November 17, 2014 / 9:39 AM / 3 years ago

Islamist group rejects UAE terrorism designation

3 Min Read

DUBAI (Reuters) - A group of Islamist scholars led by an influential Qatar-based cleric expressed "astonishment" on Monday that their organization had being designated a terrorist group by the United Arab Emirates (UAE).

The International Union of Muslim Scholars urged the UAE to remove it from a list of 85 banned groups that the country, one of several Gulf Arab states that view political Islam as a security threat, had named on Saturday.

The inclusion of the group was "not based on any analysis or investigation, whether legal, logical or rational", the scholars said in a statement, which was co-signed by the union's chairman, Egyptian-born Youssef al-Qaradawi.

"The Union expresses its complete and extreme astonishment of its inclusion by the UAE among the terrorists groups and rejects this description completely," said the group, which says it seeks to promote scholarship and awareness of Islam.

Other organizations on the list included Nusra Front and the Islamic State, whose fighters are battling in Syria and Iraq, several Shi'ite Muslim militant groups such as the Houthi movement in Yemen, and Egypt's Muslim Brotherhood, with which Qaradawi is closely associated.

In Sanaa, Mohammed al-Bokhayti, a member of the Houthi political council, said the UAE decision "will have a negative effect on coexistence in the Arabian Peninsula, especially at this time when the (Muslim) community is suffering division".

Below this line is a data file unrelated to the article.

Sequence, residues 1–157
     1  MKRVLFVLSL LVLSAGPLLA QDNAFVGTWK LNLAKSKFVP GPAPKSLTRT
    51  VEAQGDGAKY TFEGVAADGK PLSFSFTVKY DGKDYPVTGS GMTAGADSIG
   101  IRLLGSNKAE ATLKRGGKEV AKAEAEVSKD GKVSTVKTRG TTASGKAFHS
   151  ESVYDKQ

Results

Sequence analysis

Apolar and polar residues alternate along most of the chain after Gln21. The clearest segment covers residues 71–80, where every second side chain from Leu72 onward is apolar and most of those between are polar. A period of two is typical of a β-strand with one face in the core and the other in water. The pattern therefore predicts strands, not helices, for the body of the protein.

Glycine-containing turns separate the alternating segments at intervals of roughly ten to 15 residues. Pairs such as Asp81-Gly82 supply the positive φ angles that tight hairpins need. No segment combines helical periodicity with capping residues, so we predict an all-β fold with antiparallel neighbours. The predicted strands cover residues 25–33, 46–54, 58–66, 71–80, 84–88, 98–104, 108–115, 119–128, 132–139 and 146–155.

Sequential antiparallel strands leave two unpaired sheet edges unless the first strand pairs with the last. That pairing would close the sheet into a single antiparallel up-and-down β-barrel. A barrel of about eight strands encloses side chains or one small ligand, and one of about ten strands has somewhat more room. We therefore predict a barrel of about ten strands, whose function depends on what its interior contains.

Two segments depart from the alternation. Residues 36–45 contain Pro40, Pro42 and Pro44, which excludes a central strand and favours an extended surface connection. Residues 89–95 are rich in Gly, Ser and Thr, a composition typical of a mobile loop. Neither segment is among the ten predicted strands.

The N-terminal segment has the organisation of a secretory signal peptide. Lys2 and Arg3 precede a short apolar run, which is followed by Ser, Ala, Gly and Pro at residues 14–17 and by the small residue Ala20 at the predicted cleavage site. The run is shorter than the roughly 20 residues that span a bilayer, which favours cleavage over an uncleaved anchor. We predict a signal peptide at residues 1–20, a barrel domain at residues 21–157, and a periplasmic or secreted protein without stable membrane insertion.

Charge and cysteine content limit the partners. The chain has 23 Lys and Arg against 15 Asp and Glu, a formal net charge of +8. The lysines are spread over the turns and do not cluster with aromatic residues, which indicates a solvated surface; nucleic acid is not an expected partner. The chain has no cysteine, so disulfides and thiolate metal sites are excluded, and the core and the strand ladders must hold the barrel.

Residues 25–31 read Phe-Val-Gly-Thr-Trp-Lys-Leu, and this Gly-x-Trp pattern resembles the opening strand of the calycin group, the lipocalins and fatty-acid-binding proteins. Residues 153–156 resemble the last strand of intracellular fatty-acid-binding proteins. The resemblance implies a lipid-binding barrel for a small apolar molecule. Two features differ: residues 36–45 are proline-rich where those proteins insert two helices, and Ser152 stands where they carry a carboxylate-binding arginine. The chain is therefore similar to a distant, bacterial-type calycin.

The Houthi movement has become the main political force in Western-allied Yemen since capturing the capital Sanaa in September. It has since clashed repeatedly with al Qaeda.

The list also includes a number of humanitarian, relief and Muslim community associations in the Arab world and the West.

The UAE action mirrors a move by Saudi Arabia in March that was seen as part of a campaign by the kingdom, the UAE and Bahrain to pressure Qatar to reduce its longstanding support for Islamist forces around the Middle East.

The U.S.-allied monarchies mistrust the Muslim Brotherhood because its doctrines challenge the principle of dynastic rule.

However, in a sign that the rift with Doha may be easing, Saudi Arabia, the UAE and Bahrain agreed on Sunday to return their ambassadors to Qatar, eight months after pulling out the top diplomats in an unprecedented snub.

Diplomats in Doha said on Sunday that amongst other things, Qatar had promised the UAE that the Brotherhood would not be allowed to operate from the country. There was no immediate confirmation of this.

Additional reporting by Mohammed Ghobari; Reporting by Rania El Gamal, Writing by William Maclean, Editing by Clarence Fernandez and Crispian Balmer

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